You’re right, predatory lending, especially in small towns, it is a malaise. It is also among consumers who are not aware, which is also the way many of the crypto exchanges used to function, right? I remember, the CEO of one of them came to see me and he spoke very proudly about people who are investing in cryptocurrency in small towns, and my heart sank because these are the people who are not aware of the risks. What about the CBDC? There’s a pilot, which is now going on. Tell us a little more about this. Fundamentally, is there a functional benefit to digital currencies? Or is it one of those nice-to-have things?

Shaktikanta Das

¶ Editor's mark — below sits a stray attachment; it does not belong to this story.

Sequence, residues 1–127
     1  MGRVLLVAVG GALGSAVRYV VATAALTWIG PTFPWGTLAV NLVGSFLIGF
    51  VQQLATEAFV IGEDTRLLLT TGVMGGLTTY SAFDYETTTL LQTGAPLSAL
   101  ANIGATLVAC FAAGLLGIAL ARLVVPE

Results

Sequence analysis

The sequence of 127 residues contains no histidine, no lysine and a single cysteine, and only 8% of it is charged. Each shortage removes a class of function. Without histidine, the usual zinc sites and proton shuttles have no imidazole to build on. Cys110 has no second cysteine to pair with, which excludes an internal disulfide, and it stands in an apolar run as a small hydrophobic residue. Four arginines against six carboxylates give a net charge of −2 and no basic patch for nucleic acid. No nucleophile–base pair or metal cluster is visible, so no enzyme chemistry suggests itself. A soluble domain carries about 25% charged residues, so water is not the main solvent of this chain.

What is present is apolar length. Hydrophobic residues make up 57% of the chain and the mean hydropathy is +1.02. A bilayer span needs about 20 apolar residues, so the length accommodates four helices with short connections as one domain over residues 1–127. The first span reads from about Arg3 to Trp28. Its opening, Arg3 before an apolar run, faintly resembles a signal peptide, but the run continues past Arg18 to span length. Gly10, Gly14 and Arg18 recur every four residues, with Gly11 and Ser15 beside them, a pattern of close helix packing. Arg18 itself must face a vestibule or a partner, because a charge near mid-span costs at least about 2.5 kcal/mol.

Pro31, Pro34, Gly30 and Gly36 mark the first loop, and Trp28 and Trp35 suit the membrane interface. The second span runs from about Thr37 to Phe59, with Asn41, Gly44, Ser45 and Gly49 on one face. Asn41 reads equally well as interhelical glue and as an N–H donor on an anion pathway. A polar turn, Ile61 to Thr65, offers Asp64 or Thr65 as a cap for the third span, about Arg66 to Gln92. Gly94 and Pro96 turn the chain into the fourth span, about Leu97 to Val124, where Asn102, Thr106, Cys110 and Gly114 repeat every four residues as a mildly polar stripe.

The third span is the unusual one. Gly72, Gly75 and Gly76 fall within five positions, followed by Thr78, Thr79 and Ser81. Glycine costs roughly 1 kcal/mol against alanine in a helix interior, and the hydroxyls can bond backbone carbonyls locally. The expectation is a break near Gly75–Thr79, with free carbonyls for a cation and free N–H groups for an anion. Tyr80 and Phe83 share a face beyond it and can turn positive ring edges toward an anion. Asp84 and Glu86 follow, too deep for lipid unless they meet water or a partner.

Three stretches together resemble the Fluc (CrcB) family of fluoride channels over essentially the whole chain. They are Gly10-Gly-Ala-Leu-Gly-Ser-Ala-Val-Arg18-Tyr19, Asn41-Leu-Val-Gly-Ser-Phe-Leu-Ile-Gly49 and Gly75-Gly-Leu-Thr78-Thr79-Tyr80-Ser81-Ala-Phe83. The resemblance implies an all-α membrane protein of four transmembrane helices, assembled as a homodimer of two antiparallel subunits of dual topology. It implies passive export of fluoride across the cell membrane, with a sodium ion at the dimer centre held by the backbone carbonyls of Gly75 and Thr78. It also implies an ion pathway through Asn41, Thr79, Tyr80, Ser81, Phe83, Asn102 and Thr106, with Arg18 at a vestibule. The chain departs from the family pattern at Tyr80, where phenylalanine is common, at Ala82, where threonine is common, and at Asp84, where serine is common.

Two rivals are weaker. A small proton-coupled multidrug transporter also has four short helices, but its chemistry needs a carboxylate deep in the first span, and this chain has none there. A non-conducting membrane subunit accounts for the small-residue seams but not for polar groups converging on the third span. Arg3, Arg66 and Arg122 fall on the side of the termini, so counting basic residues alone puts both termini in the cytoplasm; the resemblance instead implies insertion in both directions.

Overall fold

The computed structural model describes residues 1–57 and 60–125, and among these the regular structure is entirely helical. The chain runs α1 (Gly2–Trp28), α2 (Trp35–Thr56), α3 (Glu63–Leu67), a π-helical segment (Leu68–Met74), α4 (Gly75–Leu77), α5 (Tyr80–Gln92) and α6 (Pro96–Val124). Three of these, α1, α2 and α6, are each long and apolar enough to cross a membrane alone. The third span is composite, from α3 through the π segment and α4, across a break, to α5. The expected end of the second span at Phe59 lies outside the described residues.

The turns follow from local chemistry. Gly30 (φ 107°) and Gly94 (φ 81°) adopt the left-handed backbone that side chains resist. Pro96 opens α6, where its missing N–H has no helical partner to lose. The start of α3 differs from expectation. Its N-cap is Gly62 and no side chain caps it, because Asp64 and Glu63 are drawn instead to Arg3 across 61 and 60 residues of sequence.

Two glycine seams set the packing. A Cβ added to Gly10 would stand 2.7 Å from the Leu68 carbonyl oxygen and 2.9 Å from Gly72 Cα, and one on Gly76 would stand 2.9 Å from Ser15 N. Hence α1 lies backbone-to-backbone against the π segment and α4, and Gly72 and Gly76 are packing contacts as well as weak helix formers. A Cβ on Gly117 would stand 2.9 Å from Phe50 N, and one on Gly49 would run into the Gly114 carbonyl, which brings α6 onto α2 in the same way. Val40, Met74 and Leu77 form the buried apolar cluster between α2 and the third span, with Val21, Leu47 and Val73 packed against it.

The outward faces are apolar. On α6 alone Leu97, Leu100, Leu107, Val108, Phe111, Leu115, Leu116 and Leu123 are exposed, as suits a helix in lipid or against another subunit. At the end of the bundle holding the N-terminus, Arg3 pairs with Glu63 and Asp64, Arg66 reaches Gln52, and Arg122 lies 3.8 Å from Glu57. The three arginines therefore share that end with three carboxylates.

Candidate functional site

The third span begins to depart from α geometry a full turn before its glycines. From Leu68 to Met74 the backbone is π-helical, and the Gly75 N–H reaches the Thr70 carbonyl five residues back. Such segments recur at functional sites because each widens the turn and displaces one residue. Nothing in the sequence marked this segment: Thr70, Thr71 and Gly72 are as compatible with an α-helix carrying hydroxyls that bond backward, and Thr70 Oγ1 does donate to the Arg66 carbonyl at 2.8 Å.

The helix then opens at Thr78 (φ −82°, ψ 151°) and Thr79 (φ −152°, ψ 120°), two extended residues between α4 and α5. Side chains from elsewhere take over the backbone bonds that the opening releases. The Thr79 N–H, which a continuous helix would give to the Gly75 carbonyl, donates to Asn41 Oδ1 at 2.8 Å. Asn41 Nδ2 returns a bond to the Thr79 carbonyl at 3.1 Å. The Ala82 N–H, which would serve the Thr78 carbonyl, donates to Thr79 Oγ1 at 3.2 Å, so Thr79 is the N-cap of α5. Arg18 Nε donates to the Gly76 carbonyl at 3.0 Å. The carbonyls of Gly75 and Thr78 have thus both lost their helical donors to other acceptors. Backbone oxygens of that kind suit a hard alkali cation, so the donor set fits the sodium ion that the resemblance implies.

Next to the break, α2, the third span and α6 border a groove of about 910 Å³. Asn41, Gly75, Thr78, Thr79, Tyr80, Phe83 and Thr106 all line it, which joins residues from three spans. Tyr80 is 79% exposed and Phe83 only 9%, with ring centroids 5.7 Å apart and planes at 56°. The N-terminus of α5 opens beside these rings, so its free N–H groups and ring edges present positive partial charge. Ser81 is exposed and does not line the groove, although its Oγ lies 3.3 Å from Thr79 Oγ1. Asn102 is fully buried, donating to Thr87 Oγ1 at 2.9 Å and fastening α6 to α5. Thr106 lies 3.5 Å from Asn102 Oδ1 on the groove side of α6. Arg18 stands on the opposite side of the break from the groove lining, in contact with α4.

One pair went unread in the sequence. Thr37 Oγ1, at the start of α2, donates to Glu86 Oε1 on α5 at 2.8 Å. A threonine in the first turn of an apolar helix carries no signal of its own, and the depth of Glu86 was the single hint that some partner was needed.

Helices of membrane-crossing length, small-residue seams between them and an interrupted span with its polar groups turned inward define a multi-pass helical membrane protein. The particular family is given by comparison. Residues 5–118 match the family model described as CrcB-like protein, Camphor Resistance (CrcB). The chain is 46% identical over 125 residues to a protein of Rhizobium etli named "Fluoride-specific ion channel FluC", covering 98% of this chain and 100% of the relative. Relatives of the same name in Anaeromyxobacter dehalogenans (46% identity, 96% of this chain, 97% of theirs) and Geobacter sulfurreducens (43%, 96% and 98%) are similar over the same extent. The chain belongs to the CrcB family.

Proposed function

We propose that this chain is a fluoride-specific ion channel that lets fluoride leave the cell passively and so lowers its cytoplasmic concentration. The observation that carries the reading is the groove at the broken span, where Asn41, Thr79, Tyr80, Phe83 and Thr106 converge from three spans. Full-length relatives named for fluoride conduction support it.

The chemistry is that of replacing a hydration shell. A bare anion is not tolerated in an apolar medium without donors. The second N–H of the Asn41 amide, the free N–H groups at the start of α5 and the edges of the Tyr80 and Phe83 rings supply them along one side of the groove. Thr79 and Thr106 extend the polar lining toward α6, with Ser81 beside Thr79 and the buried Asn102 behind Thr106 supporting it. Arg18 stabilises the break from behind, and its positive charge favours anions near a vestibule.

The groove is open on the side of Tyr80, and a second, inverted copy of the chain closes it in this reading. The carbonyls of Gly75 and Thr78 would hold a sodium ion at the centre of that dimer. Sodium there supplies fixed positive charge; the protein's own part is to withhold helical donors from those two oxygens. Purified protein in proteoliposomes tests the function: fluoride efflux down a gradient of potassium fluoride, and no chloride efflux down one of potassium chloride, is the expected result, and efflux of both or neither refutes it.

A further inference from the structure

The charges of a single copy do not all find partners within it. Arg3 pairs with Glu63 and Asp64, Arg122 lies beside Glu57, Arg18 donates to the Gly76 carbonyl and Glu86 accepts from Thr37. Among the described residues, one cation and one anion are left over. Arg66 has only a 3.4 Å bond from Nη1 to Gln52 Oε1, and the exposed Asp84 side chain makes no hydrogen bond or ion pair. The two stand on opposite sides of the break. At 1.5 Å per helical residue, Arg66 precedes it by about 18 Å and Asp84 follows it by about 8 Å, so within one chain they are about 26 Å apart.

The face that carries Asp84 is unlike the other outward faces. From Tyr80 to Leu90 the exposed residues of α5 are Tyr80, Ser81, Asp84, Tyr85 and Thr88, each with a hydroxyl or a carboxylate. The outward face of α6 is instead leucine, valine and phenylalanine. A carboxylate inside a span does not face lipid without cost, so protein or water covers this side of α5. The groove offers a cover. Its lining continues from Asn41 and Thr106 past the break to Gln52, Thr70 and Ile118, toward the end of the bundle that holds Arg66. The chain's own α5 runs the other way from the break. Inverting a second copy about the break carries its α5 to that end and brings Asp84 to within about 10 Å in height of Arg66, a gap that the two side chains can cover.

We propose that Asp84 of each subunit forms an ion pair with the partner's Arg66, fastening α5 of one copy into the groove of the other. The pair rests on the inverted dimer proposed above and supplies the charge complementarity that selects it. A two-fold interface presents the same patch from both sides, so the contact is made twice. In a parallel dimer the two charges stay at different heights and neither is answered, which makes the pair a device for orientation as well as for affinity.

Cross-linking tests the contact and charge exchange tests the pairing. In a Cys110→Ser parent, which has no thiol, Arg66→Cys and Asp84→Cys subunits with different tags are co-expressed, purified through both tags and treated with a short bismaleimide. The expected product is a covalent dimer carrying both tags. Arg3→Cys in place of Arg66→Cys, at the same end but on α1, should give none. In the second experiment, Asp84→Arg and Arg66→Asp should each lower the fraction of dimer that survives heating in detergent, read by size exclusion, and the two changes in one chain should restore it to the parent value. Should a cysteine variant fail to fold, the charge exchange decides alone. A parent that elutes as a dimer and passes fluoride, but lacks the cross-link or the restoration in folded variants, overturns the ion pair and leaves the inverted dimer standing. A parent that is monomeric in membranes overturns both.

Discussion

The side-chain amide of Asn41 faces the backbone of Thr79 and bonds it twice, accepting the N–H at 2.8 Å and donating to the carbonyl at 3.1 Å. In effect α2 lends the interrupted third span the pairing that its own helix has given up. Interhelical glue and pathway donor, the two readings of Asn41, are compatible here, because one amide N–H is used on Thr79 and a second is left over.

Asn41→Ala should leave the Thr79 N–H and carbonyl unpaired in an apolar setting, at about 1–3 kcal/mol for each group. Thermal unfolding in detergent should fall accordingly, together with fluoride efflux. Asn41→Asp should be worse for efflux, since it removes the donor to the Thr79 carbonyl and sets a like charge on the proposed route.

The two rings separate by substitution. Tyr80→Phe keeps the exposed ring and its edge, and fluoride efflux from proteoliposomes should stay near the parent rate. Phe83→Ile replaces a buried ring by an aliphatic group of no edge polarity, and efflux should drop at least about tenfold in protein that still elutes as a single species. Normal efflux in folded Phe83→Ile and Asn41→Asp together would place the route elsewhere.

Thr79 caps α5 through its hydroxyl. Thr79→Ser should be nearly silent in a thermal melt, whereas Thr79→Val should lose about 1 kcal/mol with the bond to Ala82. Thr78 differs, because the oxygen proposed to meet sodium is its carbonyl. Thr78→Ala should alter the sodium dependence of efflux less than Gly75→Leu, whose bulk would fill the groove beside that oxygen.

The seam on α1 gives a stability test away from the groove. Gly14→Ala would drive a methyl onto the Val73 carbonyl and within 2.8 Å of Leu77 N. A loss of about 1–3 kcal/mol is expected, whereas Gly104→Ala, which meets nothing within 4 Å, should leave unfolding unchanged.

No, it has a fundamental benefit. The world is changing. The way business is done is changing. Technology is evolving very fast. You have to keep pace with the time. That is a kind of motherhood way of looking at the whole issue. More specifically, the printing of notes, currency notes, and paper notes, involves cost. It involves the cost of printing, cost of paper, cost of logistics, cost of storage, and the entire logistics and everything, it requires a lot of efforts and a lot of cost. Going forward, this will be much less costly compared the paper currencies. That is number one. Secondly, this is something which will become very important for cross-border transactions and cross-border payments. Today, when money is remitted or transferred on a cross-country basis, according to a World Bank report, the average charges are about 6%. When CBDC comes in, let us say in a group of countries, the cost will be practically very marginal. It will be the cost of overheads of our system and their system. It will be substantially minimised and it will be instantaneous. Of course, you may ask a question that even now under UPI, we are working for real-time transfer of money. In fact, between India and several other countries like Singapore, the United Arab Emirates, and other Gulf countries, the UPI is already being linked so that the real-time transfer of money takes place between India and those countries. You may say that this is happening, but UPI is a payment system, whereas this is a currency system. UPI facilitates the payments to take place. Here the currency itself - the currency issued by the Central Bank will get transmitted. This is less costly, it will facilitate international payments, cross border payments, and it will be good for exporters and importers. I think the future belongs to technology. There could be a time when half the world or more than half the world would be on digital currency and you cannot be on paper currency. You have to be moving in tune with the changing technological developments.